Royal family biographer Andrew Morton deserves our deepest respect. But his claim that the pandemic has damaged the monarchy couldn’t be farther from the truth, for one simple reason: Prince William.
I understand his viewpoint that the reign of Queen Elizabeth may be coming to an end a bit sooner than many expected, but this doesn’t spell the end of the monarchy.
Far from it – I believe the opposite is true.
Speaking to The Telegraph, Andrew Morton claimed that Queen Elizabeth’s reign is “effectively over”:
The brutal truth is that her reign is effectively over. [The pandemic] has done more damage to the monarchy than Oliver Cromwell. [It] has practically put Charles on the throne. It’s terribly sad, but I can’t see how the Queen can resume her job. The… virus isn’t going away soon and will be with us for months if not years.
That may be so, but it’s quite the leap to say this has “done more damage to the monarchy than Oliver Cromwell.” In fact, I’m not sure the monarchy has incurred much damage at all.
The Queen isn’t going to be disappearing. She’ll still have a vital role to play, even if that role is visibly smaller than it was before the pandemic.
And in all honesty, given her age, that’s not a bad thing! Queen Elizabeth has undoubtedly earned that reduced schedule, and she can spend more time with Prince Philip as well, who just turned an incredible 99 years old this week.
This may be an unpopular opinion in some quarters, but we have to be honest. Everything eventually changes.
The monarchy is no different. The Queen has done a fantastic job – for 68 years – and she’s still very much loved by many people all over the world.
But it’s a new era, and to appeal to a younger generation, the monarchy needs someone they can identify with.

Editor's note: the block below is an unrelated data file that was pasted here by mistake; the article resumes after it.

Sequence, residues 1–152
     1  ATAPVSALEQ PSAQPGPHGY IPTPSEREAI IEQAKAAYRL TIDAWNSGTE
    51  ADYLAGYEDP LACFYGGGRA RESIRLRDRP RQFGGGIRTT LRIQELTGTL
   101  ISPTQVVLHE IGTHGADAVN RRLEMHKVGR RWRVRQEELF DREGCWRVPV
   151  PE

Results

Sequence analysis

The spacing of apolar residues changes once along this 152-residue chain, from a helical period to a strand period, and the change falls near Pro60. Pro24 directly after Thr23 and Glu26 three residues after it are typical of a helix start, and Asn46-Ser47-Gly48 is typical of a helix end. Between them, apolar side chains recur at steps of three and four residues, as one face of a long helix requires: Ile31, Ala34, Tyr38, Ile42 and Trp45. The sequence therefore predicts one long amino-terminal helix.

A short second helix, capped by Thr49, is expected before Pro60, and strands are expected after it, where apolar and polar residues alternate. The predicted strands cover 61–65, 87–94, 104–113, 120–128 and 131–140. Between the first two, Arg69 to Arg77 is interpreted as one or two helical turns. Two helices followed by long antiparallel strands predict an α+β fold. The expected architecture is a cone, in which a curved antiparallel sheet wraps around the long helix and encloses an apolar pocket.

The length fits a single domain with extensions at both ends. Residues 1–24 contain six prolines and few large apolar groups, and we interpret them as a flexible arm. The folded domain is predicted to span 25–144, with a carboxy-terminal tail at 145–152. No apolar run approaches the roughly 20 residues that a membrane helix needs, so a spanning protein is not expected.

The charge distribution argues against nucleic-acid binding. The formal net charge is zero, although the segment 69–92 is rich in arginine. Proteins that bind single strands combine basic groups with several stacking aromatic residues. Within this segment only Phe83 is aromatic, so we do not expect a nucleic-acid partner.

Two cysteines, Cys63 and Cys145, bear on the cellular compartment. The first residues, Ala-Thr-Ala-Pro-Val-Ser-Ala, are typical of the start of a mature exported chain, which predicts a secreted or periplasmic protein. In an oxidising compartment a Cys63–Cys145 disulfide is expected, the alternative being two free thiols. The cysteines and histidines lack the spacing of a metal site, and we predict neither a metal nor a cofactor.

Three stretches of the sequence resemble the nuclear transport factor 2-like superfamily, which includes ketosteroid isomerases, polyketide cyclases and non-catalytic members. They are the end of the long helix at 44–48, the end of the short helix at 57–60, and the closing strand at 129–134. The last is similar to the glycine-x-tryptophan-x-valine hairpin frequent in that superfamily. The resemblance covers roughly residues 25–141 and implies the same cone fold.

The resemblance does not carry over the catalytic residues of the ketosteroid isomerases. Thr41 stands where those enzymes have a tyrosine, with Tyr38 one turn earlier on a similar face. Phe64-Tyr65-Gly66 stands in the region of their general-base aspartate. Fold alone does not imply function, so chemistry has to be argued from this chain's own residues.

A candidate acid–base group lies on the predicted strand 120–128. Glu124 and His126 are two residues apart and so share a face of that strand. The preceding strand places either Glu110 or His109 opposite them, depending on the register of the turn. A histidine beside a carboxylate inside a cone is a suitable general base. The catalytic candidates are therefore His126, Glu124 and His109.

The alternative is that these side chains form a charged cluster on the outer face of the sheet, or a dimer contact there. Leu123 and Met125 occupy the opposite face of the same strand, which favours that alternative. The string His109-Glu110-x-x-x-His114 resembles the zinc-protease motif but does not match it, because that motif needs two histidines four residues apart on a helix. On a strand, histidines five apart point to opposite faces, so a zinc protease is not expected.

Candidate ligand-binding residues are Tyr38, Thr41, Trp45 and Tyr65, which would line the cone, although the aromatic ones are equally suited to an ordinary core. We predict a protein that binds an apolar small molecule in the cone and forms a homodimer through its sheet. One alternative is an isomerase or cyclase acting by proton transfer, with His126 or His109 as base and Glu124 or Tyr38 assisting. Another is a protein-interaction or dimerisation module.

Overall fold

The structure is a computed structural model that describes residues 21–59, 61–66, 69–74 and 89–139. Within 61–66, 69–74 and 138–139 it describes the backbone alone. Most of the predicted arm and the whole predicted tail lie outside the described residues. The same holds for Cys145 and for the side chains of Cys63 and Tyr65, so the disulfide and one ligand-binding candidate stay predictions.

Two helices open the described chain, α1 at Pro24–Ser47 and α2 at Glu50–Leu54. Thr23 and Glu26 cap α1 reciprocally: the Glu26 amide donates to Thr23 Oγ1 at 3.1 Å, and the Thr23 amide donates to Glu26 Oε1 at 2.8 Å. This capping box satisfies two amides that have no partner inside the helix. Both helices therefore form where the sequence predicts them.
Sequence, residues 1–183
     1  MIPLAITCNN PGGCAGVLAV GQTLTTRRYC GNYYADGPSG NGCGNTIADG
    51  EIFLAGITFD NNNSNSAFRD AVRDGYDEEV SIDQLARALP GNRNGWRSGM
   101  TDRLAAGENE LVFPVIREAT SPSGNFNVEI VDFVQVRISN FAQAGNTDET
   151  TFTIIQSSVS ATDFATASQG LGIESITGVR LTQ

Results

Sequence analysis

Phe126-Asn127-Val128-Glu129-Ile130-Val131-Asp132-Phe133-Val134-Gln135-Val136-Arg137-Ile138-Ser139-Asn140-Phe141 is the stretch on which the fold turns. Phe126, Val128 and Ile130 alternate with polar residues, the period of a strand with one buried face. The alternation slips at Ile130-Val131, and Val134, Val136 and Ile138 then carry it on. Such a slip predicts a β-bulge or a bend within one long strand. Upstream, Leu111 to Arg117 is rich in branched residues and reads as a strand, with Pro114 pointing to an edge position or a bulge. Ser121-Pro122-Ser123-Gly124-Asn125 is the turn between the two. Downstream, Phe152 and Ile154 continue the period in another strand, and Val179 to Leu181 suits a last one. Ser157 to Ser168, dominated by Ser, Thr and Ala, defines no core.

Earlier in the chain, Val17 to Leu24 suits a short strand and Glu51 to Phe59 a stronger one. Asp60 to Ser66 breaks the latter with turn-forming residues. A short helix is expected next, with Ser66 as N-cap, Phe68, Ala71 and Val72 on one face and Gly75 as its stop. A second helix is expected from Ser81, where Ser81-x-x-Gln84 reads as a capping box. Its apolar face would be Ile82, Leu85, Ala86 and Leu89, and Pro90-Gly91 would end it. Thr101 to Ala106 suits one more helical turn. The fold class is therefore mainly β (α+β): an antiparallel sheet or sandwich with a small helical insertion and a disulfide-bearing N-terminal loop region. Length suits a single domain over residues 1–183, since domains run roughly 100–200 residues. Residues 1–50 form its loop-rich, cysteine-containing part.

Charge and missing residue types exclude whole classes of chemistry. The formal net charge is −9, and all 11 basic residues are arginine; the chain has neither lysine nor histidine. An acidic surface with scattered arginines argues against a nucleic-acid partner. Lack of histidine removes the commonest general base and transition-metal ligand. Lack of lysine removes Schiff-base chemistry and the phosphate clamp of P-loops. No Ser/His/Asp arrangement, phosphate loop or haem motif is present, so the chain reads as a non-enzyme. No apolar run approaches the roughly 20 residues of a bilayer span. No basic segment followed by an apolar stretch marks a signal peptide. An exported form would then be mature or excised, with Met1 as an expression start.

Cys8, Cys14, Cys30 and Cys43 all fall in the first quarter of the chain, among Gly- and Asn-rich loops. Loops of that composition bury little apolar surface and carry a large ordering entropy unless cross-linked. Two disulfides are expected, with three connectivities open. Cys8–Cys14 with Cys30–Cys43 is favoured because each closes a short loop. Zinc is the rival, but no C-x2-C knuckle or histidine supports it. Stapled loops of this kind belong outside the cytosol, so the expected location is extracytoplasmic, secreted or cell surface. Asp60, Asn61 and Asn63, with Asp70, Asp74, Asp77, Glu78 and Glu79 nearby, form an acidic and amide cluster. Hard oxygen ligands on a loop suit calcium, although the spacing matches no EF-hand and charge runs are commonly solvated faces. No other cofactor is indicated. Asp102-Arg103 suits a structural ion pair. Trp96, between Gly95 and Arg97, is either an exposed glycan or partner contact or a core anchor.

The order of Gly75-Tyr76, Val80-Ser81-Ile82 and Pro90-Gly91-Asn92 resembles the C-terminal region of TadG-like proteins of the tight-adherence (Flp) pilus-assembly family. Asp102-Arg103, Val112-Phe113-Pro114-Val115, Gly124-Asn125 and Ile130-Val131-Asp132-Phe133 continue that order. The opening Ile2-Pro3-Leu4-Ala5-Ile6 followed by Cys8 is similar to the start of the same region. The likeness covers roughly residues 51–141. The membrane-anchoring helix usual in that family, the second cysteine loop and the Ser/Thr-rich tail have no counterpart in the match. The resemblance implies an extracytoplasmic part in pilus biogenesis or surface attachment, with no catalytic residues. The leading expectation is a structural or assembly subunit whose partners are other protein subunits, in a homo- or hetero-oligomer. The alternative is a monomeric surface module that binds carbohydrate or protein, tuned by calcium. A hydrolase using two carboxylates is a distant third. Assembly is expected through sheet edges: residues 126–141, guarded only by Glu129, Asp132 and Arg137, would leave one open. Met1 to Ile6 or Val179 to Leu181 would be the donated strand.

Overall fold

Prince Charles is next in line for the throne. I think he’ll make a terrific King, but at 71 years old, he’s just the bridge between Queen Elizabeth and the King-in-waiting, Prince William.
If we’re honest, Prince William has come into his own over the past few years, and along with his wonderful wife Duchess Kate Middleton, it looks as though the royal family is in safe hands for many years to come.
Over the past few months, we’ve been given a taste of the kind of work Prince William enjoys.
His role within the mental health community is widely recognized, but his leadership has also appeared in unexpected ways.
For example, William knows the important role that football plays in British society. It’s the number one sport in the country by a long shot, and it’s also a great avenue to grab the attention of the younger generation.
Prince William has played a significant role in negotiating a deal that will see the FA Cup final renamed the Heads Up FA Cup final.
Emirates, who sponsors the FA Cup, agreed to donate the naming rights to this season’s tournament to support mental health, and Prince William played a pivotal role in this development.
The Duke of Cambridge has always wanted to start the biggest ever conversation on mental health. Renaming the FA Cup in this way, with millions around the world watching, is our way to help stimulate this discussion.
While Prince William himself said:
We’re going to really use the final as a moment to promote good, positive mental health for everyone. It’s quite timely, bearing in mind what we’ve all been through with this pandemic. I think there’s going to be, sadly, a lot of repercussions from this in society, not just in football, in terms of people’s mental health. Hopefully, the FA Cup can be a bit of a pivot that people can rally around.
Prince William has his finger firmly on the pulse of what people are feeling and thinking today in Britain.
That’s not a slight to the Queen or Prince Charles, but the simple fact is that a younger member of the royal family is better positioned to identify with Britain’s up-and-coming generations.
So yes, the Queen’s reign may be coming to an end. But I’m sure both her and Prince William’s mother, Diana, will and would be incredibly proud of the groundwork the future King is laying.